US Capitol West Side (photo by Martin Falbisoner, Wikimedia Commons)
Wausau School Board President Tricia Zunker announced on Monday that she is running in the 7th Congressional District special election for the seat vacated by Republican Sean Duffy, who resigned last month.
“I have become increasingly frustrated watching what is happening in Washington, because Wisconsin isn’t getting a fair deal,” Zunker told supporters who gathered to hear her announcement at the Dells of the Eau Claire Park outside of Wausau. “Washington isn’t getting the job done for families paying too much for health care, farmers who are being squeezed by the ongoing trade war and seniors who are struggling to cover the rising costs of prescription drugs.”
Zunker pledged to not take contributions from corporate political action committees.
A member of the Ho-Chunk Nation, Zunker was elected twice as an associate justice on the Ho-Chunk Supreme Court, her campaign website notes. She began her announcement speaking in the Ho-Chunk language and noting that it was Indigenous Peoples’ Day.
“She has gotten a statewide discussion about Native American mascots going and brings an important perspective to the public debate,” says Mandy Wright, a former Democratic state legislator and teacher who lives in Wausau. “I’m excited for her announcement.”
Zunker’s website also says she “learned the importance of hard work and a fair day’s pay from her family,” including her mother, a union member for over thirty years, who served as union secretary for USW Local 2-224 and her father, who was a laborer.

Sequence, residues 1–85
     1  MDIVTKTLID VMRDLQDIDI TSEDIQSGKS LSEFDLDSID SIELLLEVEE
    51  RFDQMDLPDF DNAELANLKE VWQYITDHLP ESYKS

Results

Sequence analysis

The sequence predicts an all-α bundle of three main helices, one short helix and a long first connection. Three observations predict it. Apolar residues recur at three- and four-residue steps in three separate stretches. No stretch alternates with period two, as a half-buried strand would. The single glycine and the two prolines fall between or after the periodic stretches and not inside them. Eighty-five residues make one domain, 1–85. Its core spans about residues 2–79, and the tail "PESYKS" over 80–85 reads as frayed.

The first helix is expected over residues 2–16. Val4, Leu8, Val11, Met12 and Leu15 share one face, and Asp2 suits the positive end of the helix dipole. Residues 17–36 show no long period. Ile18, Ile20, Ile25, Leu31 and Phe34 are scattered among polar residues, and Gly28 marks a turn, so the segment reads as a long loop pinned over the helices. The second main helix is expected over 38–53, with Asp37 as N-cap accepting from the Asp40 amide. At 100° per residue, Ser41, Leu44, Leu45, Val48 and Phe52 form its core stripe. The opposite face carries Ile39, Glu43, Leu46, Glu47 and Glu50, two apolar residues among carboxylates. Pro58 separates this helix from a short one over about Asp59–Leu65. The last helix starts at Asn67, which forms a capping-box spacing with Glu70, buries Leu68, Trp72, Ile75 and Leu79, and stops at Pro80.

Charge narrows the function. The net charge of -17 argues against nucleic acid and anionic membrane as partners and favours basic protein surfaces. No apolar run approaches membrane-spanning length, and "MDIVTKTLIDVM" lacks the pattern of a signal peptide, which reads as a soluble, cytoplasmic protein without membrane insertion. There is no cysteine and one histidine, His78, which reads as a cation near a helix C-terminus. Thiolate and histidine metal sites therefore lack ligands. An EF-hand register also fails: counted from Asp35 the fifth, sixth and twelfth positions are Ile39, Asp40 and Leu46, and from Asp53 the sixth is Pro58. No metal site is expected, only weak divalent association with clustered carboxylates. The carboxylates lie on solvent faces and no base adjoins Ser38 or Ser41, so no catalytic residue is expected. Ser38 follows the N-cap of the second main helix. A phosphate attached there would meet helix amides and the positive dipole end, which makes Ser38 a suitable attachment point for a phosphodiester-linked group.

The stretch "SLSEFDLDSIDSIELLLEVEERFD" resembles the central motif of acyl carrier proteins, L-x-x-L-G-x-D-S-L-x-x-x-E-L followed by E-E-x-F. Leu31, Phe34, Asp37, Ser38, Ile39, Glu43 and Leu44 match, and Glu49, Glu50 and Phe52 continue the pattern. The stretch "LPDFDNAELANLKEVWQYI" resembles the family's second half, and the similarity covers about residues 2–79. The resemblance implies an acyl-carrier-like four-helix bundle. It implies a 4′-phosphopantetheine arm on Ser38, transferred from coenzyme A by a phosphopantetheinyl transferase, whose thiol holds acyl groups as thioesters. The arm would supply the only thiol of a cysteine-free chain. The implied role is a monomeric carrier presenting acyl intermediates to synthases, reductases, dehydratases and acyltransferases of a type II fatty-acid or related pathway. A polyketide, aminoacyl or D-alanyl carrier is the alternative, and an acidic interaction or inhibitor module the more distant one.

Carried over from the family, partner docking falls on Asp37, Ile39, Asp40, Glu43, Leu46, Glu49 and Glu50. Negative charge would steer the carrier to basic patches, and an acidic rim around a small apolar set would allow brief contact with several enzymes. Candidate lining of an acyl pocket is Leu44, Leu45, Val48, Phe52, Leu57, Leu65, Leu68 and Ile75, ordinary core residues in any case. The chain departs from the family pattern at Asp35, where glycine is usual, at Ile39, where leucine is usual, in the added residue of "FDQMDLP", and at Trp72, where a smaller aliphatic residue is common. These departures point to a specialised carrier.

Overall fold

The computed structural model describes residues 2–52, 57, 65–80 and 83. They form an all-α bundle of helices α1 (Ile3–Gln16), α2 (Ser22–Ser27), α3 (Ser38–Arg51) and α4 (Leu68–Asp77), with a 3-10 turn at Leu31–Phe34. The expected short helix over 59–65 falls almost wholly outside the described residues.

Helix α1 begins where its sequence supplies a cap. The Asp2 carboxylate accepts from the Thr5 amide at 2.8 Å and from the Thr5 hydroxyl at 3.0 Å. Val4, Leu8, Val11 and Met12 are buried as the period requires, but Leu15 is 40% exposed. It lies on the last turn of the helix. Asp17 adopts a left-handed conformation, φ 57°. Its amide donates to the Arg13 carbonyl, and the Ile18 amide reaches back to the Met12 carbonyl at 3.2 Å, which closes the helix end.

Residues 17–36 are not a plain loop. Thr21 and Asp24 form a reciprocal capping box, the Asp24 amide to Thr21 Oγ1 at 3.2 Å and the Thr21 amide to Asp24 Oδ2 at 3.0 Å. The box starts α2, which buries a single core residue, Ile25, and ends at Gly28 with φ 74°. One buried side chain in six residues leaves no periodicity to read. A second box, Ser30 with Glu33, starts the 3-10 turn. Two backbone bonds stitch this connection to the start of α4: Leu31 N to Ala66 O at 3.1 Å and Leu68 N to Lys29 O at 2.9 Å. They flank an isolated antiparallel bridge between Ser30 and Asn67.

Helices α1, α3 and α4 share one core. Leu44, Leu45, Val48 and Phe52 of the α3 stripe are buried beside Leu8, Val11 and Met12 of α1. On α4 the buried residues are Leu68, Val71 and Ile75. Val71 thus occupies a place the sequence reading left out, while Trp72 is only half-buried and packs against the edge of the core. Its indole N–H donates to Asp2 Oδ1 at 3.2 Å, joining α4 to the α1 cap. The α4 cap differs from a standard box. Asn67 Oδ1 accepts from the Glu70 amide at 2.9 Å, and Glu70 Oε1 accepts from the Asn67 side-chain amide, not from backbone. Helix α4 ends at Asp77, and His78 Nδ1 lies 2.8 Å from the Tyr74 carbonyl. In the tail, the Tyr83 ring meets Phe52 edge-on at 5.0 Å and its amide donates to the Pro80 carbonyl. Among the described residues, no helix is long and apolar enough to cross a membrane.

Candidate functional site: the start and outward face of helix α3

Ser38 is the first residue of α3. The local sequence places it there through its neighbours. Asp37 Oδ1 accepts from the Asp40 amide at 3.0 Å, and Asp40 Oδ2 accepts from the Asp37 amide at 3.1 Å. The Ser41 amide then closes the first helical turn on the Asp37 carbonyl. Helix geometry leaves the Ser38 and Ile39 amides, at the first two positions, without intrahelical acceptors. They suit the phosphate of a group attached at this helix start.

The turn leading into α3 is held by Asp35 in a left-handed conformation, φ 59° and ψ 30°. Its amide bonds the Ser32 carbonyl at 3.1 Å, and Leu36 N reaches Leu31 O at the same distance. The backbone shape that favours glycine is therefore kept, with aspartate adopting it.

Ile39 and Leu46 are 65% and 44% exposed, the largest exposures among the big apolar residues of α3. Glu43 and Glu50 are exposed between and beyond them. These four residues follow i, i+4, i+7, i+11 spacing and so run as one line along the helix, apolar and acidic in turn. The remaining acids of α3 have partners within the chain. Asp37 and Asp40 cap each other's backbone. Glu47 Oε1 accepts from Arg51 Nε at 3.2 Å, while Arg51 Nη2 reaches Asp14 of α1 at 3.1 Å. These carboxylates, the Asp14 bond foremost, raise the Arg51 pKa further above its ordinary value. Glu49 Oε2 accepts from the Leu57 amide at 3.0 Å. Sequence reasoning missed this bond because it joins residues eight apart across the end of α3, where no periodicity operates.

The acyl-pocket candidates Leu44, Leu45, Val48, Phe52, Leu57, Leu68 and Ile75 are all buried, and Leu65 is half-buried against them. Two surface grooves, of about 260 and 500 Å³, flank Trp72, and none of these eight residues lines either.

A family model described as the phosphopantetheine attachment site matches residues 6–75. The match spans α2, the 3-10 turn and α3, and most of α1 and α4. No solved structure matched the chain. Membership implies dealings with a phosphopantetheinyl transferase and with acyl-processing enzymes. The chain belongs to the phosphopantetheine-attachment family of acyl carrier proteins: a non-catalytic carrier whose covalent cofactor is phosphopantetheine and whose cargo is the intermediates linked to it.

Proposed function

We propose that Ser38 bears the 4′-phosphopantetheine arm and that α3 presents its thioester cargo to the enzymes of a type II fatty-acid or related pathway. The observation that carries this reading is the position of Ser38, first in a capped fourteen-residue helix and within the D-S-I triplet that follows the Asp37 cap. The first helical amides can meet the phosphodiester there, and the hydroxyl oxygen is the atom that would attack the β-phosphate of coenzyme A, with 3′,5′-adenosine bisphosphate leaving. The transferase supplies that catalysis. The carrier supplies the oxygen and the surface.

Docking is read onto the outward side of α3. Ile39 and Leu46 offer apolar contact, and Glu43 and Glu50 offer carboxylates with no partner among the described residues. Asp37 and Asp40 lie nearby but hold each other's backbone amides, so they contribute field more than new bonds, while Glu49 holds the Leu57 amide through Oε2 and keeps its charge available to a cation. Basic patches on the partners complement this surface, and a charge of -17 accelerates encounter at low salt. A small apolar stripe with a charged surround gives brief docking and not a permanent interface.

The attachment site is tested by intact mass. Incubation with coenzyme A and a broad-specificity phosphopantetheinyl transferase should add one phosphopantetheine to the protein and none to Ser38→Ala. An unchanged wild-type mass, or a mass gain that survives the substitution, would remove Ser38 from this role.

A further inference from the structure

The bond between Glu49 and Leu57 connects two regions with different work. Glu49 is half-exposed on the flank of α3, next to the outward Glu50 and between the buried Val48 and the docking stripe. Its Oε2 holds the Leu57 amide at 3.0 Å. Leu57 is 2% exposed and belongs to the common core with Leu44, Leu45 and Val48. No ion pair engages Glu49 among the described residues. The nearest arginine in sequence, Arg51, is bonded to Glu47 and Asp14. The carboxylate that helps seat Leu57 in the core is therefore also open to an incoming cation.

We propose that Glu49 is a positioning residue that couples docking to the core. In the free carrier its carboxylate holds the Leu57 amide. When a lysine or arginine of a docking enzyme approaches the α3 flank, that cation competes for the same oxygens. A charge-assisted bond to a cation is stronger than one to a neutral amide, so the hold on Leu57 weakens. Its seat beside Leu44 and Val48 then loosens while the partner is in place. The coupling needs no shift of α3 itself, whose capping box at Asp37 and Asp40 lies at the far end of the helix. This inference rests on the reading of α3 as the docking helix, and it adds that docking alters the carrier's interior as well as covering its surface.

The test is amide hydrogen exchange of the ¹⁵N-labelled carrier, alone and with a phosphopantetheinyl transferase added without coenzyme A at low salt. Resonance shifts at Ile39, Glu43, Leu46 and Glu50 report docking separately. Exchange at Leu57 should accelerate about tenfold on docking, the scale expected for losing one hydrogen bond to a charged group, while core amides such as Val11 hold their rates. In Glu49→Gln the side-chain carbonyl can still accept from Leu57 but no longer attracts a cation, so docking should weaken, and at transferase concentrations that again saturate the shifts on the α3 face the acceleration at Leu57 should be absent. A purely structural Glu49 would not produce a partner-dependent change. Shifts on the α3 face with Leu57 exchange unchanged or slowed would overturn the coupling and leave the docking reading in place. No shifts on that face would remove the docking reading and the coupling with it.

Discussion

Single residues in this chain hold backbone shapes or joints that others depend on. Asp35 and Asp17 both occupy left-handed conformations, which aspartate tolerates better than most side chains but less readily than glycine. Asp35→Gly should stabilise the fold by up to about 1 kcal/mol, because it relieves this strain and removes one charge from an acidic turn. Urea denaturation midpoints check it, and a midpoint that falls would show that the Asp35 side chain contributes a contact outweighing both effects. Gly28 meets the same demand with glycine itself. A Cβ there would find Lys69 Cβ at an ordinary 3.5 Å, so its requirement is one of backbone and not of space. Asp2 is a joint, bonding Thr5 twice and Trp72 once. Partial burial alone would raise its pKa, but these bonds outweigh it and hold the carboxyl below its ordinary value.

Zunker joins fellow Democrat Lawrence Dale, a businessman who also announced his candidacy on Monday at the Capitol, in a speech covered by Wisconsin Eye, declaring his support for universal pre-K, environmental protections and a commitment to combat climate change.
“I am running because this is a critical time in our nation’s history. The policies of the Trump Administration are endangering our democracy and the principles upon which our country was founded,” Dale said in a statement. “We must defeat the Trump Administration and its corruption at the polls in this special election and again in November and restore the strength of our democratic institutions.”
The first candidate to announce he is running in the state’s largest Congressional district was Tom Tiffany (R-Minoqua).
Democrat Margaret Engebretson, who ran against Duffy last year and had indicated interest in this year’s race announced last week that she will not run.
The date of the special election, which Gov. Tony Evers originally set for Jan. 27 with a primary date of Dec. 30, has been the subject of controversy. A final determination of the election date has not yet been made.
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